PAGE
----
This is also convenient because you have a "built-in" representation of mathematical objects. For example, if you want to manipulate polynomials, you don't need to define a class to represent polynomials. You do something like that:

def gcd(P,Q):
    F, G, R = P, Q, P % Q

    while (R != 0):
        F, G, R = G, R, F % G

    return G

print gcd(5,6)    # Compute gcd of integers

R.<x> = PolynomialRing(QQ)
P, Q = x^7-1, x^14-1

print gcd(P,Q)    # Compute gcd of polynomials
  • $\begingroup$ Also, sage has a web-based notebook interface and dynamic content: ineract. This makes it good for classroom work. $\endgroup$
    – Simon
    Jun 18, 2011 at 7:25

Nothing beats Haskell for general-purpose mathematical programming. The wiki's quite extensive and the IRC channel (#haskell on Freenode) is great for asking questions. If you statically link your binaries on compilation, you should be able to run your programs on just about any system (with a few exceptions, e.g., libgmp).

Haskell code reads (roughly) like mathematical notation once you get the hang of it, so it can really help to tie things together for your students who are motivated to write their own programs. The purely functional style can be beneficial, as well, since it focuses less on I/O and the marshalling of data (perfectly useful in applications, perhaps less so in pure math), and more on the actual creation and refinement of functions and algorithms. You can even compose functions just as you would on paper.

If you want to get really serious, you could also look into Coq or Agda, but those might be a bit much for most classes.

For a Haskell program idea for an educator, check out this link.

Wiki Edit: A nice list of arguments can also be found at: Eleven Reasons to use Haskell as a Mathematician and the book The Haskell Road to Logic, Maths and Programming

Code examples:

Greatest Common Divisor

-- Using gcd1 because gcd is already defined in the Prelude
-- Essentially, a function which takes two values in the 
-- Integral typeclass and returns another from the same.
gcd1 :: Integral a => a -> a -> a
gcd1 0 0 = undefined -- ugly, but you don't need to worry about it right now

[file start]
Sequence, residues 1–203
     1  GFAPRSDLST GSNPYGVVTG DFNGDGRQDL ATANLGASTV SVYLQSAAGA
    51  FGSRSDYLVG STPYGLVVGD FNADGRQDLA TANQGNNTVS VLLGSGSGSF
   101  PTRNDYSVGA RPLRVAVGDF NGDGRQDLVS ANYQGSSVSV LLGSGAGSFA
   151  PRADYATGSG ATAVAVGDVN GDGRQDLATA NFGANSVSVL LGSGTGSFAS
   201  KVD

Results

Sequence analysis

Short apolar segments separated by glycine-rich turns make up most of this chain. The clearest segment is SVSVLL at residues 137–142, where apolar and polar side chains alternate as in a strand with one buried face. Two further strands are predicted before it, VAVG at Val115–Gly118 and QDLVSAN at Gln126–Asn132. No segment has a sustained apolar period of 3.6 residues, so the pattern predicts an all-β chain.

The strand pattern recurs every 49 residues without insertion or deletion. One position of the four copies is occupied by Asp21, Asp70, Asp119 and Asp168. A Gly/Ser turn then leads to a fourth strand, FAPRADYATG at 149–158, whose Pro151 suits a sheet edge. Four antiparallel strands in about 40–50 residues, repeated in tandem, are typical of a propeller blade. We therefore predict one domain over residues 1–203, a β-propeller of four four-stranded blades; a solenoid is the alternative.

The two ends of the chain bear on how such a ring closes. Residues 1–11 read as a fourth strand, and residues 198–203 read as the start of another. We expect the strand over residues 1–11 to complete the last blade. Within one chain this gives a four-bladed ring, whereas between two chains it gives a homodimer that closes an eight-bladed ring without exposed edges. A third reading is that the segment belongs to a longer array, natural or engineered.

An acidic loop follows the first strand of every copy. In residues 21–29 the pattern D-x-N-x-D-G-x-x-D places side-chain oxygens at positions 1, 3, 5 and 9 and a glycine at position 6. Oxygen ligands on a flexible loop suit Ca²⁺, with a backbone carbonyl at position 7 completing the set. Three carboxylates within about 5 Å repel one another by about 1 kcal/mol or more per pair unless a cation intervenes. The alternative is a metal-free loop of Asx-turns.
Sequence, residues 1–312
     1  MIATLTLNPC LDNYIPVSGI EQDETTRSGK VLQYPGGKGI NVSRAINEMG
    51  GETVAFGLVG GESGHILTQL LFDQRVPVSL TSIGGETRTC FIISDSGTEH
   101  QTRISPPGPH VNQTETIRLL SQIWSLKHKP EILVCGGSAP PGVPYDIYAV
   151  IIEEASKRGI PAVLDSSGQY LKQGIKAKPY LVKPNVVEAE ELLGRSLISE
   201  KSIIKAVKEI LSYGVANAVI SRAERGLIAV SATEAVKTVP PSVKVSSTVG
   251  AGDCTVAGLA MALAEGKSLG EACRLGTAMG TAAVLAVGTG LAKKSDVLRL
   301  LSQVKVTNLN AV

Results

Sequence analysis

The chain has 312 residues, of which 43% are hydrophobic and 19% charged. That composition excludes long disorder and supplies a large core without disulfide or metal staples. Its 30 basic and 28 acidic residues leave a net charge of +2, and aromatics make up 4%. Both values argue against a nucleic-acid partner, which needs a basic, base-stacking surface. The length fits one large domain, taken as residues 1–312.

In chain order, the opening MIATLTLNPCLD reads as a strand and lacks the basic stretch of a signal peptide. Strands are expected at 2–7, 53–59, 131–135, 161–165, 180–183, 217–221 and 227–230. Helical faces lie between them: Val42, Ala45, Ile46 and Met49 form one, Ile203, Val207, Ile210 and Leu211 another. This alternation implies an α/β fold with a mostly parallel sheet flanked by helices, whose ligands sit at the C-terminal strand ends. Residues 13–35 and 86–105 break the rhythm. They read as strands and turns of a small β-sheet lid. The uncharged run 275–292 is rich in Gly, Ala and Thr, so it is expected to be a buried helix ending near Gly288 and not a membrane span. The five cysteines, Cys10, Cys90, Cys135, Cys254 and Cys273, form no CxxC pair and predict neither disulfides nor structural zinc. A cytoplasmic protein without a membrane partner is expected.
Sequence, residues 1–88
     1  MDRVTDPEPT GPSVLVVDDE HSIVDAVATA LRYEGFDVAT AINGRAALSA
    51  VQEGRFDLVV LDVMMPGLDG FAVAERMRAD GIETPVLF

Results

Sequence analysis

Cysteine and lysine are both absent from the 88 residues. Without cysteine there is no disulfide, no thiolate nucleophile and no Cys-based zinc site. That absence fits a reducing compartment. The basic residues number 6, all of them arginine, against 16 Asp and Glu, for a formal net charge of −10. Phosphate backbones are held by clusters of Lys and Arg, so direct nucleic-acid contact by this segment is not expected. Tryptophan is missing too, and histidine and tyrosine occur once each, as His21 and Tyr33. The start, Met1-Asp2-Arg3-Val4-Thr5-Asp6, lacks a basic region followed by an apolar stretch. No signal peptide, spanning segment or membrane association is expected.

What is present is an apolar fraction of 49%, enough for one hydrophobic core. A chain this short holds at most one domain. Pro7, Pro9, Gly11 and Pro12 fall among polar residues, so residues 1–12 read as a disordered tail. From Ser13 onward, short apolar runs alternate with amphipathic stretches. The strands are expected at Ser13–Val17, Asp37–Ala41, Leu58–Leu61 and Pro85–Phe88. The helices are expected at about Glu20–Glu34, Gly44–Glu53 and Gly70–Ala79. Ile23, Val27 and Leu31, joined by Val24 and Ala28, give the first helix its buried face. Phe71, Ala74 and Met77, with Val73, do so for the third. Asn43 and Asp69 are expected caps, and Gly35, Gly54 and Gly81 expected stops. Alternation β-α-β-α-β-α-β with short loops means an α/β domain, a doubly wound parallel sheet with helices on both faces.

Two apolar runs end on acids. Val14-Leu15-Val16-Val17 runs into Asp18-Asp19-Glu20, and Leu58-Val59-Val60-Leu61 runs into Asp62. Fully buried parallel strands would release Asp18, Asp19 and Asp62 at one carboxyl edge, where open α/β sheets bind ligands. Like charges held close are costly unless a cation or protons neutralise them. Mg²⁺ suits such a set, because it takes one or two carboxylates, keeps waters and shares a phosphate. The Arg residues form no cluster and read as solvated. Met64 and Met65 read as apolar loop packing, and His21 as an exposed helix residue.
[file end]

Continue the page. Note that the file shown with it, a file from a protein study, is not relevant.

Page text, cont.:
gcd1 a 0 = abs a
gcd1 a b = gcd1 b (a `mod` b)

In the Haskell Prelude, gcd 0 0 is undefined by convention, but defining your own gcd1 with gcd1 0 0 = 0 may be useful in certain situations. The Wiki article discusses this.

Using this, you can also create a function to compute the $\gcd$ of a list of numbers.

-- Takes a list of Integrals and returns an Integral
gcdList :: Integral a => [a] -> a
gcdList = foldl gcd1 0

The Wiki article on folds may be instructive, in this case.

Euler's totient function

totient n = length [x | x <- [1..n], gcd1 n x == 1]
-- using our function gcd1, though one could also use gcd
-- from the Prelude. Note, this is not an efficient 
-- implementation, just an illustrative one.


$\lambda x \to x + 1$

f = (\x -> x + 1)
-- or
f = (+ 1) -- both versions are equivalent
  • $\begingroup$ Given that you already have gcd1 a 0 = abs a, I think you could write the rest of the gcd function more simply as gcd1 a b = gcd1 b (a `rem` b) (or even a `mod` b; it shouldn't matter). $\endgroup$ Jun 19, 2011 at 21:20
  • $\begingroup$ @Shreevatsa That's a good point, and it would illustrate the Euclidean algorithm a little more clearly. I'll edit it in. $\endgroup$ Jun 19, 2011 at 21:39

Perhaps Maple or Mathematica. Especially if your school already has a site license. Then, instead of writing a Euclidean algorithm demonstration of your own, you could look and see what other instructors elsewhere have written and submitted for others to use.


I'm a Java developer by profession, but I wouldn't really recommend it as a language if (a) you're just starting out, and (b) you really want to enjoy programming. For a first time programmer coming from a mathematics background, it can feel quite restrictive (no first class functions - shocking!)

My big recommendation would be Python. It has a beautifully expressive and concise syntax, and it's very powerful. It's also completely free, unlike Mathematica, Matlab or Maple. Here's a couple of examples. The Euclidean algorithm in Python:

def gcd(a,b):
    while b:
        a, b = b, a%b
    return a

Very concise, and the code describes exactly what the algorithm does - no obscure syntax. It's now trivial to write a function that computes Euler's totient function:

def totient(n):
    return len([i for i in range(1,n) if gcd(i,n)==1])

In fact that's slightly inefficient, as it calculates the totient function by keeping a list of all the numbers less than $n$ that are coprime to $n$, and returns the length of the list. But it does indicate how powerful Python is - often you find that a complicated task can be completed with just a couple of lines.

To demonstrate Python's flexibility with functions, here's a function that takes an integer $n$ and returns a function that increments its argument by $n$:

def increment(n):
    return lambda x: x+n

Because Java lacks first-class functions, its not just that it would be more work to write this function: it's actually impossible to write this in Java.


This should be a community wiki. That said, I love Java because by the time I get it to compile, it runs due to the language being tight in terms of types.

In addition, it has decent graphics and allows you to make applets and the like. And, as with many other languages, you can get a development environment for free.

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    $\begingroup$ If you like Java for that, you must try Haskell! $\endgroup$ Apr 19, 2011 at 4:59
  • $\begingroup$ I'll at least take a look at it, but I hate learning new tools. Before Java, I got by with Turbo Pascal, and before that it was Fortran. $\endgroup$ Apr 19, 2011 at 23:01